Economic Reform and Progress in Latin America and the Caribbean

39 Pages Posted: 20 Apr 2016

See all articles by Norman Loayza

Norman Loayza

World Bank - Research Department

Luisa Palacios

affiliation not provided to SSRN

Date Written: June 1997

Abstract

The paper examines the experience in structural reform in five areas- international trade, financial markets, labor markets, and the generation and use of public resources- countries of Latin America and the Caribbean. It develops quantitative indicators for the policy reforms and for their outcomes.

In the late 1980s, after decades of poor economic management, many Latin American and Caribbean countries undertook structural reform that placed them on a path toward superior economic performance.

Loayza and Palacios examine the experience in structural reform in five areas: governance (reforming public institutions), international trade, financial markets, labor markets, and the generation and use of public resources.

To characterize the experience with structural reform in the region, they develop quantitative indicators for different types of policy reform and for their outcomes.

They conclude that the most progress has been made in liberalizing international trade. In this area the region has done almost as well as the Asian newly industrialized countries (NICs).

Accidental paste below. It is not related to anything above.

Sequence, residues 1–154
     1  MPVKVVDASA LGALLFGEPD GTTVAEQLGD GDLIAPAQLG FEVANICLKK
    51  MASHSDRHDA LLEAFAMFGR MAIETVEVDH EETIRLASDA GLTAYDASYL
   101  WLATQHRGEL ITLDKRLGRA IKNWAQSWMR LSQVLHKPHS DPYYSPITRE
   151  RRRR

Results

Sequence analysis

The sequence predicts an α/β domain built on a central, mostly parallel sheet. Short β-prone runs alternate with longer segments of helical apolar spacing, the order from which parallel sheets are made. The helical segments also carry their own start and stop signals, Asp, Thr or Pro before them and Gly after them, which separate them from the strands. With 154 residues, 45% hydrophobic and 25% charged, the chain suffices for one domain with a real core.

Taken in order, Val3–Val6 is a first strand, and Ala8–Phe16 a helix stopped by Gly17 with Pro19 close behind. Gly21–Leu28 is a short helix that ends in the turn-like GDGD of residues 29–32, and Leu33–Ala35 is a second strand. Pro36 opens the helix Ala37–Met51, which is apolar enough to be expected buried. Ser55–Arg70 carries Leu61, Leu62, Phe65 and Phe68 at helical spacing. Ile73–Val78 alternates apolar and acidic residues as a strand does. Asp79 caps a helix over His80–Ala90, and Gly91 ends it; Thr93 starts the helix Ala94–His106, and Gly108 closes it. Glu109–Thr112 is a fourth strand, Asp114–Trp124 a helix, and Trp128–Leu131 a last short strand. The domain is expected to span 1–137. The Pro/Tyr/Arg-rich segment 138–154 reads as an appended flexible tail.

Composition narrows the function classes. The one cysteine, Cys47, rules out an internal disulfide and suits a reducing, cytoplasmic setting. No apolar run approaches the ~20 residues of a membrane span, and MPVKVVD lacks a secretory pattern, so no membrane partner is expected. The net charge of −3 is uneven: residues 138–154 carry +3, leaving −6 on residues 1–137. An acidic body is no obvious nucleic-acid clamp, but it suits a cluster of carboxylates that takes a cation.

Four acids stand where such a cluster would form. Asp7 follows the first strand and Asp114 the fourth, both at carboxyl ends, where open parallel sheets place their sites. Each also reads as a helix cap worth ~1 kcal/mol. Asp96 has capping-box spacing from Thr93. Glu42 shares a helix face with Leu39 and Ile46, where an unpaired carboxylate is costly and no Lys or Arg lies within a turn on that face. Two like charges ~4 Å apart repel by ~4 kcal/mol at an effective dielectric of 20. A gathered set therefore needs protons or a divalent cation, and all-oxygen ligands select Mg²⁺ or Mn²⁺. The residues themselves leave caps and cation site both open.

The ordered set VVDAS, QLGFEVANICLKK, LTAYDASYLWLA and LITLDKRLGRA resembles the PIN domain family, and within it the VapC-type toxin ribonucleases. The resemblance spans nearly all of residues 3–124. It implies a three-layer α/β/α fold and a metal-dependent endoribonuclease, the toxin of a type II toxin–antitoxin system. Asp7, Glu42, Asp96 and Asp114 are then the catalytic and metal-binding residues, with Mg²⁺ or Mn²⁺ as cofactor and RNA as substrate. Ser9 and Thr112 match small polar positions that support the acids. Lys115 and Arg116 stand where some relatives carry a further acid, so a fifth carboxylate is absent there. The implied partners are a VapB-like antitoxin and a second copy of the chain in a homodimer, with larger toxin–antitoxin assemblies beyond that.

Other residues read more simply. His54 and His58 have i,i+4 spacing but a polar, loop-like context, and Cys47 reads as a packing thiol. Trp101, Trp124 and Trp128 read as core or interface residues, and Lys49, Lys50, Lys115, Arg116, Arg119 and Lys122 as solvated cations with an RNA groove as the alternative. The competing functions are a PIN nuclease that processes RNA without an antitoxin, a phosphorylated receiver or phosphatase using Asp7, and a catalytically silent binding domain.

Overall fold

The least progress has been made in reforming labor markets. In most countries there are still severe constraints on hiring and firing workers, payroll tax rates are high, there are few or no mechanisms for resolving labor disputes, and there is too much public employment.

Financial development has improved, especially the depth of financial intermediation, private sector participation in banking, and the size and activity of stock markets. As for the efficient generation and use of public resources, much has been done to make the value-added tax system efficient and to privatize public enterprises.

Reform gains in governance have been modest. Latin America remains well behind the Asian NICs and OECD countries, especially regarding the rule of law (judicial and police systems) and the quality of public administration (procedural clarity and the bureaucracy's honesty and technical competence).

A great deal has been accomplished, but compared with the Asian NICs and OECD countries, there is still substantial room for improvement.

This paper - product of the Office of the Chief Economist, Latin America and the Caribbean Region - the second chapter of the report The Long March: A Reform Agenda for Latin America and the Caribbean in the Next Decade, presented at the ABCD-LAC conference in Montevideo, June 30, 1997.

Suggested Citation

Loayza, Norman and Palacios, Luisa, Economic Reform and Progress in Latin America and the Caribbean (June 1997). World Bank Policy Research Working Paper No. 1829. Available at SSRN: https://ssrn.com/abstract=604993

Norman Loayza (Contact Author)

World Bank - Research Department ( email )

1818 H Street, N.W.
Washington, DC 20433
United States

Luisa Palacios

affiliation not provided to SSRN

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